As I Lay Dying by William Faulkner

December 16, 2008
By , Brooklyn, NY
In the novel, As I Lay Dying, William Faulkner explores human nature. In his work it is very evident that Faulkner is explicating the common nature of grieving, community, and family. The novel, As I Lay Dying, is about the Bundren family's journey after the mother, Addie Bundren's, death. This journey was both an intense physical and mental journey for each one of the family members. Everyone in the story, whether it is the Bundrens or the people in the community, each had a separate additive to this journey. The reader sees the characters strengthen and progress through these difficult times, which is exactly what it takes to get through a death.

In a time of grieving people come together to provide support for the mournful family and loved ones. The family is comforted with other's good words of the deceased. Even those that did not think highly of Addie Bundren had nice statements to recall of her. Cora, a woman in the community who always thought of Addie in a condescending manner, even had something to polite to say about Addie. People have different ways of respecting and honoring the deceased. Each family member have their own individual way of grieving; some honor Addie in the way they think best and some try to keep busy to forget the tragedy. For example, one of Addie Bundren's sons, Cash, flawlessly and precisely builds her coffin with her approval and inspection. While Anse, Addie's husband, tried to forget his sorrow and replace Addie by getting another wife and not talking of her death, not even to explain the occurrence to his young son, Vardaman.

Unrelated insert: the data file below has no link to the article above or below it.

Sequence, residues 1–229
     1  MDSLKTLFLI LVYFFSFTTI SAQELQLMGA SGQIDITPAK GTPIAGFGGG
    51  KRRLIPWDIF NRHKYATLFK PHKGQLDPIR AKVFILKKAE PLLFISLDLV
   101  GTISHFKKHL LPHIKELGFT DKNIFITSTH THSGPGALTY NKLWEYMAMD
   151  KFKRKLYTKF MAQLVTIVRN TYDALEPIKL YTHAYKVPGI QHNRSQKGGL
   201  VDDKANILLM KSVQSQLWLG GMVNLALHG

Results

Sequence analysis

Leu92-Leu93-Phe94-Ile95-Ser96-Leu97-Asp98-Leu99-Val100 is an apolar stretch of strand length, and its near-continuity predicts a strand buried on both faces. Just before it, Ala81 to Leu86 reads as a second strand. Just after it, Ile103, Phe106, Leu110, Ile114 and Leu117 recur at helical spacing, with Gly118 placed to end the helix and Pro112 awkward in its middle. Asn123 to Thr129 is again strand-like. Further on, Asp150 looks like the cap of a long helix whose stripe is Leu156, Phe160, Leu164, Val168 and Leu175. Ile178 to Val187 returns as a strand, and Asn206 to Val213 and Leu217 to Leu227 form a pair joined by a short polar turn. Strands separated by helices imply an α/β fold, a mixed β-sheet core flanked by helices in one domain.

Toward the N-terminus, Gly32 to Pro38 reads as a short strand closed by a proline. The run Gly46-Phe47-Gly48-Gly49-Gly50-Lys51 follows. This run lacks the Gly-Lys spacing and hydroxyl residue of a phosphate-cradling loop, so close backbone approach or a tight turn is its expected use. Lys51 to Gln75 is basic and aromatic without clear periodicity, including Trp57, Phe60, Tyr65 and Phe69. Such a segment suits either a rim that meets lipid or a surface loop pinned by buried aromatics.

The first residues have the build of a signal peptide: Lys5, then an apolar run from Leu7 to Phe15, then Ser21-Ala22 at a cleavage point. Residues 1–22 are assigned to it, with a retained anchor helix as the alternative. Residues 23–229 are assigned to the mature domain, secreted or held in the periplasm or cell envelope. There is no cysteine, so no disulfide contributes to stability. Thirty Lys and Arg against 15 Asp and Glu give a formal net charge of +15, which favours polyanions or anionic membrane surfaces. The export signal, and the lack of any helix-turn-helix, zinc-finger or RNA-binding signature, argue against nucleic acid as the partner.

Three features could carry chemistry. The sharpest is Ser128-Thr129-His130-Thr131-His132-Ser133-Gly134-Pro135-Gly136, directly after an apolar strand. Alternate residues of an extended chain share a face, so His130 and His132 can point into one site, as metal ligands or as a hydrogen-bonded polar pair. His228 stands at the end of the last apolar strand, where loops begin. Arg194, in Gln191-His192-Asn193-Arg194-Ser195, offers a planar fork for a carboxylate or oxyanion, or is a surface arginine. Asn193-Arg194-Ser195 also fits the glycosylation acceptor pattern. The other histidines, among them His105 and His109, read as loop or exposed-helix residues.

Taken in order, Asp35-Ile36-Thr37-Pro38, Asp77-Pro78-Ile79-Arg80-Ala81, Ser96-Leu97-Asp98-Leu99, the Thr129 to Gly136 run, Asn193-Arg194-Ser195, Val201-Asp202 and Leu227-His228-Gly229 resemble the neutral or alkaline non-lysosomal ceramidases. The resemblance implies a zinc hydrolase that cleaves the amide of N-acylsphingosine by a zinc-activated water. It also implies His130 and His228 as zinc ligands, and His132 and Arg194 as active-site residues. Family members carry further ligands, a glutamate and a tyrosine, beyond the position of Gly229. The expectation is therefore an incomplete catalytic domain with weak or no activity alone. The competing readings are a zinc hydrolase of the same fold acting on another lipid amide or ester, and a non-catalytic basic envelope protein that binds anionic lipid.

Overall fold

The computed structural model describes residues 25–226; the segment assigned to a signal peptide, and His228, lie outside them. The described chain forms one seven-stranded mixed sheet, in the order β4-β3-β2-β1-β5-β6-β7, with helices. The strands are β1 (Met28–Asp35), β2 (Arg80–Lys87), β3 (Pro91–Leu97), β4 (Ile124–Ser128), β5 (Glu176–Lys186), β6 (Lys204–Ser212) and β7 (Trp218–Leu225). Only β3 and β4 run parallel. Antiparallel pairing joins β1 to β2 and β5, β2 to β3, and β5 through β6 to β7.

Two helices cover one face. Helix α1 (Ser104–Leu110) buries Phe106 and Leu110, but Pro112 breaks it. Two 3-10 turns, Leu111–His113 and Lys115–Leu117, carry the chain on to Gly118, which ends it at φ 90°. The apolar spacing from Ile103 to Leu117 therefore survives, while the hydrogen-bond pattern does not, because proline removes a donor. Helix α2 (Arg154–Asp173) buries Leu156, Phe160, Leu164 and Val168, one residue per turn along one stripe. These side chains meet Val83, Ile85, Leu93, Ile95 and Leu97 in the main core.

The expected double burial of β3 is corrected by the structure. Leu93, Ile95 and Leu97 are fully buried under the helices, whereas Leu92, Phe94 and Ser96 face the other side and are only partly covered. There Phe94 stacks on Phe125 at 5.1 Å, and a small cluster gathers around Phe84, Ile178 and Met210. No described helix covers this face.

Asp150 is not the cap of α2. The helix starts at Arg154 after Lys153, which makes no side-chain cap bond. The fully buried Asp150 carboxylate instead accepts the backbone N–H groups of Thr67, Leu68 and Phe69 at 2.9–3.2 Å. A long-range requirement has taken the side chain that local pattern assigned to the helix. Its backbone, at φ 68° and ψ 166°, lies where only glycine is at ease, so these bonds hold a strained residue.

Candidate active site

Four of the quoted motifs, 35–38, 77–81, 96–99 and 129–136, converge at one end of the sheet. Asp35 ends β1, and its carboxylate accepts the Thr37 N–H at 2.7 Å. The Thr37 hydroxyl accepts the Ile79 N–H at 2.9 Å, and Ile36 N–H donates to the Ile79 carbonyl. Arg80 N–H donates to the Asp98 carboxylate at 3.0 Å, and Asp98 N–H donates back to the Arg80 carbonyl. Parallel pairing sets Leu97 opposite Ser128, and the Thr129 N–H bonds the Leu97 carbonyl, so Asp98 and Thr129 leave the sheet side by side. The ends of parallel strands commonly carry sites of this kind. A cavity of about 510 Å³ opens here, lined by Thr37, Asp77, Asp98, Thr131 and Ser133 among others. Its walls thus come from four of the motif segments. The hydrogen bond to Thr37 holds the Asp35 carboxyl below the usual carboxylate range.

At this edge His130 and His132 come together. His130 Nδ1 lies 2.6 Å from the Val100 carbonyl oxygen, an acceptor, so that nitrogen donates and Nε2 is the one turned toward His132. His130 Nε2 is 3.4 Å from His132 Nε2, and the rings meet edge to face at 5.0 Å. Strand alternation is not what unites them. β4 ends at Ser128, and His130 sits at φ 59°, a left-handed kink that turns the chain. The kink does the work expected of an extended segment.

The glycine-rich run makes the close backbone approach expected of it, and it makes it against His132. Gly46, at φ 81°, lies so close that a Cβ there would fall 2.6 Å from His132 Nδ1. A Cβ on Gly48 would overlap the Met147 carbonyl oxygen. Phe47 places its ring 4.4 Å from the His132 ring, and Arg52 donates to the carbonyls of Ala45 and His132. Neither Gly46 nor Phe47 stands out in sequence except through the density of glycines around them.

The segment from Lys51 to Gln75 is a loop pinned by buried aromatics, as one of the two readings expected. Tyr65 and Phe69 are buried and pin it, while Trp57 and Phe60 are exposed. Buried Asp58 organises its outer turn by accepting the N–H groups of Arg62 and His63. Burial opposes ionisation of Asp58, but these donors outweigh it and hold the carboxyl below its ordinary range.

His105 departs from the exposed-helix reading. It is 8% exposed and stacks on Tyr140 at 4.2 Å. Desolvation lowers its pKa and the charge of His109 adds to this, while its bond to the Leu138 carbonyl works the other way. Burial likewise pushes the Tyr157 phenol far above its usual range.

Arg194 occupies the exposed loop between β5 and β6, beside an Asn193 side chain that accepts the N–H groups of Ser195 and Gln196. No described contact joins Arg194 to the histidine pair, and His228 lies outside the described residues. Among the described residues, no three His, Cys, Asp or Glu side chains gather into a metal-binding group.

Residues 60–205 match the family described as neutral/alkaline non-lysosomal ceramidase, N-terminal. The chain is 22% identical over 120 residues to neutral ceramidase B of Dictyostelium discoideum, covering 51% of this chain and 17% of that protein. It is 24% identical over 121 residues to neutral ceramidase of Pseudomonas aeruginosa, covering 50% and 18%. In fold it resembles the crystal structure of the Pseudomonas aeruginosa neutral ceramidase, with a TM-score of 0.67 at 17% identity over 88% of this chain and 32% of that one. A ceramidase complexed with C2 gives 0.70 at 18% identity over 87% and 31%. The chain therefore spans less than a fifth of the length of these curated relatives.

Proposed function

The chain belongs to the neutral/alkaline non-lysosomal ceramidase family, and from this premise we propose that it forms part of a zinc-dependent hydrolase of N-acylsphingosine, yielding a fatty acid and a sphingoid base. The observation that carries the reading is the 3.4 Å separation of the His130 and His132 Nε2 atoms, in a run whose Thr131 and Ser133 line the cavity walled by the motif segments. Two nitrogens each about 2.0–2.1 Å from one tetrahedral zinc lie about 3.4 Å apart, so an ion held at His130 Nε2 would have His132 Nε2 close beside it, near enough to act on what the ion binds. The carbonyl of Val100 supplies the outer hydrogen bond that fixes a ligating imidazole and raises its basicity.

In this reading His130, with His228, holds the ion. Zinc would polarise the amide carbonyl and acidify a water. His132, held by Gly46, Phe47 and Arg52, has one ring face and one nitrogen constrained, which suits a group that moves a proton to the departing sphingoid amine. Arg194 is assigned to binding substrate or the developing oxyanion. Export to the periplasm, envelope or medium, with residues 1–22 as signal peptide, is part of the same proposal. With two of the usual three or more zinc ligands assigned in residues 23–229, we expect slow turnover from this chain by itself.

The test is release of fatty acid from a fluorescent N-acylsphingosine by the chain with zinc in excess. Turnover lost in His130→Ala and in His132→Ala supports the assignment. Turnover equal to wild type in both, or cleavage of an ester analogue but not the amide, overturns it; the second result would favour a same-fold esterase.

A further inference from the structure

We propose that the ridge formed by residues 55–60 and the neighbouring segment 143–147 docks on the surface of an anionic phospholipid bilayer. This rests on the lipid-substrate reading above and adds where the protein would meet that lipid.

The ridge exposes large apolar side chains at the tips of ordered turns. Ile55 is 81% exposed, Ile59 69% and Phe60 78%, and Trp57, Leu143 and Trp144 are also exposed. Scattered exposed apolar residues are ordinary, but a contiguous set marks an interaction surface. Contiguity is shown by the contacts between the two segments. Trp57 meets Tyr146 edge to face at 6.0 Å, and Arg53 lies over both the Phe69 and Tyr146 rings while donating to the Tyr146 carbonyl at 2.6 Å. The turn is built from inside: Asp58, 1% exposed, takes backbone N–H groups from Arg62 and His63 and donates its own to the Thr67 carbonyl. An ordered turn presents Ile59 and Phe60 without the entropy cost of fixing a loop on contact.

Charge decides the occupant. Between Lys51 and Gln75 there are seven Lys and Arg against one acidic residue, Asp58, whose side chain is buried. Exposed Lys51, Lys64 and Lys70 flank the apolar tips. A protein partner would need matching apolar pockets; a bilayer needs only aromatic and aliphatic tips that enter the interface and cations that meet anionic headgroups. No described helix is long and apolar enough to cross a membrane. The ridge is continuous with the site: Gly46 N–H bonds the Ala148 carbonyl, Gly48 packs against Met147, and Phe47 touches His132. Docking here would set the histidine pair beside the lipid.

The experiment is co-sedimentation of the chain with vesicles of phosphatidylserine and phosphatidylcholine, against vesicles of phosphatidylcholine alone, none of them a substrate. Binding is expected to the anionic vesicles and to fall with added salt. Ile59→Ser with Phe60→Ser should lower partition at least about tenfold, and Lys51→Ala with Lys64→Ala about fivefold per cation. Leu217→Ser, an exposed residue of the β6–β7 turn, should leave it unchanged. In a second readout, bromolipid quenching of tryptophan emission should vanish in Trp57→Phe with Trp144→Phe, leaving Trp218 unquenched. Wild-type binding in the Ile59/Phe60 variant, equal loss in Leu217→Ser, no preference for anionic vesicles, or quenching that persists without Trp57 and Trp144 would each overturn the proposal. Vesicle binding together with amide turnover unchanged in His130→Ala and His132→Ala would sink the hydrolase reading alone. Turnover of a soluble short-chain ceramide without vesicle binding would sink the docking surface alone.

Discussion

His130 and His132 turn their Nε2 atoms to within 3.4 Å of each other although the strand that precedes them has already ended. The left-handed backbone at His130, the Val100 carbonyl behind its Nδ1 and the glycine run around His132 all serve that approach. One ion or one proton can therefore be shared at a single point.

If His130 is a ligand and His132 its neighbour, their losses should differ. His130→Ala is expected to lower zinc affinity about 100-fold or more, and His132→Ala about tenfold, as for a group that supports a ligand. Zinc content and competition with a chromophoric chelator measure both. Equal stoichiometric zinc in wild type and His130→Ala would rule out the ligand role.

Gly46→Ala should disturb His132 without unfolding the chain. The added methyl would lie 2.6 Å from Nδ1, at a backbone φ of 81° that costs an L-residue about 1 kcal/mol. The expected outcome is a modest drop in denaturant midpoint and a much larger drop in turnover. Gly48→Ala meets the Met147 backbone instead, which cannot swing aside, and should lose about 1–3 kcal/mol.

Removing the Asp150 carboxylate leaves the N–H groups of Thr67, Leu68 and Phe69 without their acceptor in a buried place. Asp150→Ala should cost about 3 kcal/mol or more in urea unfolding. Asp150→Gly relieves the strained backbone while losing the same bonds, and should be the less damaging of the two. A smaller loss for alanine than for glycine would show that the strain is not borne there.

The nature of a community is caring and helpful as long as others return the favor when needed; this can be different in a time of grieving. Anse constantly asked for favors and time extensions on owed work, but the community was willing to help the family in their time of need. “If theres'ere a thing we can do. (p 32)” is said by Cora to represent there willingness to help through the difficult occasion. The community is sympathetic for the Bundrens, but they feel like the family is almost to hopeless and pathetic to help out of the rut they are in. Narrations are made by community members outside the Bundren family to illustrate the family's odd qualities. “Well, folks are different. (p 23)” is said by Cora to show that the family is made up of very different individuals. On the other hand, individuals make up a family, and families make up a community so this situation can be explained as somewhat ordinary.





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